Civil_War_Seapower - CIVIL WAR 1861-1865 Strategy and...

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1 CIVIL WAR 1861-1865 Strategy and Application of Sea Power in the Civil War
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Learning Objectives The role of the Union Navy in the strategy for defeat of the Confederacy The role of the Confederate Navy in the strategy for defeat of the Union Vital importance of European allies in South’s naval strategy Innovations in weapons and technology
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Civil War Background Balance of Power Naval Comparison Common Operational Heritage Confederate States Navy Union Navy
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Diplomacy North’s Goal British neutrality South’s Diplomacy Goal: Win British recognition and aid “ King Cotton theory Not to necessarily defeat the North, but to break the will of the Northern forces to continue fighting Problems Outcome
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Trent Affair November 8, 1861 James M. Mason and John Slidell, representing the South, board an English ship, the HSS Trent . Their motive is to compel the English to aid the South in the War.
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Trent Affair (cont’d) Union Captain Charles Wilkes, commanding the San Jacinto , intercepts the Trent at Sea, and boards her. North wants to take Mason and Slidell as prisoners. English refuses, but North prepares to fire on the Trent, and the English give in. Mason and Slidell are taken to Boston Harbor as prisoners.
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Trent Affair (con’t) England is outraged and threatens to go to war. President Lincoln formally apologizes to Britain, and denies any knowledge or sanction, by the government, in the matter. Furthermore, Mason and Slidell are released, and Britain backs down.
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Significance North dodges bullet by resolving the Trent Affair peacefully with Britain. If England had entered the war, it would have ended the chances of the North to defeat the South.
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Northern Strategy - “Anaconda Plan” Blockade Southern coast Bombardment and amphibious assault of ports for advanced bases Control Mississippi River (Riverine operations) Combined Army-Navy ops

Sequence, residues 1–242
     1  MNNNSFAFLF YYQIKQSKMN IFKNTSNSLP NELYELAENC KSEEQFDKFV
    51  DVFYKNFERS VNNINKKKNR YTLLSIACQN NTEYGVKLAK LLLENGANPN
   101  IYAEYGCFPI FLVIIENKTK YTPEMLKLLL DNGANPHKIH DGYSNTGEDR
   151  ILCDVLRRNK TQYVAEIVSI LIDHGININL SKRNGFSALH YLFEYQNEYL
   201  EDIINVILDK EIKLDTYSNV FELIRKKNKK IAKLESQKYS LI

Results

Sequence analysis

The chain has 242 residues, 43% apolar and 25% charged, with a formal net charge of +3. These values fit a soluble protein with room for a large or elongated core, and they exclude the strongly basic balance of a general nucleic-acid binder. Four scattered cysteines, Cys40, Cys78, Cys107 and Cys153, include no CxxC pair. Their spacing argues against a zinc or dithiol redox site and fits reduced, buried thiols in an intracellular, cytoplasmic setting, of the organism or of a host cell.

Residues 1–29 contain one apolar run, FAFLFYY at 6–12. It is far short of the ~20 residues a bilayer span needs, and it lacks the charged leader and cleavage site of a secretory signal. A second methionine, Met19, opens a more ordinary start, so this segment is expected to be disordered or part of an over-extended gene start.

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Southern Strategy Coastal Defense Blockade breaking Blockade running Commerce Raiding Privateers Confederate States Navy No prize courts
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Naval Situation-1861 South depended on cotton South had virtually no industry If north accomplished goal then the South would wither and die Union policy: “Anaconda” “Choke” trade and commercial life of the South
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Naval Situation-1861 Effect of blockade policy on the South 1864: 1 gold dollar was worth 2,000 Confederate dollars At the outbreak the North was not well equipped to suit their goals Under leadership of Sec. Nav. Gideon Welles the navy grew exponentially
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Naval Situation-1861 The union navy had only 42 ships in commission with 7,600 men South: Few shipyards, weak industrial base, no veteran sailors
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Sec. Nav. Gideon Welles Instrumental in building navy up to meet its goals of blockading thousands of miles of southern ports
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C.S.A. Sec. Nav., Stephen Mallory Played very key role for south buy helping institute ironclads in southern navy.
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This note was uploaded on 03/16/2010 for the course NAVSC 102 taught by Professor Hammond during the Spring '08 term at Pennsylvania State University, University Park.

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Civil_War_Seapower - CIVIL WAR 1861-1865 Strategy and...

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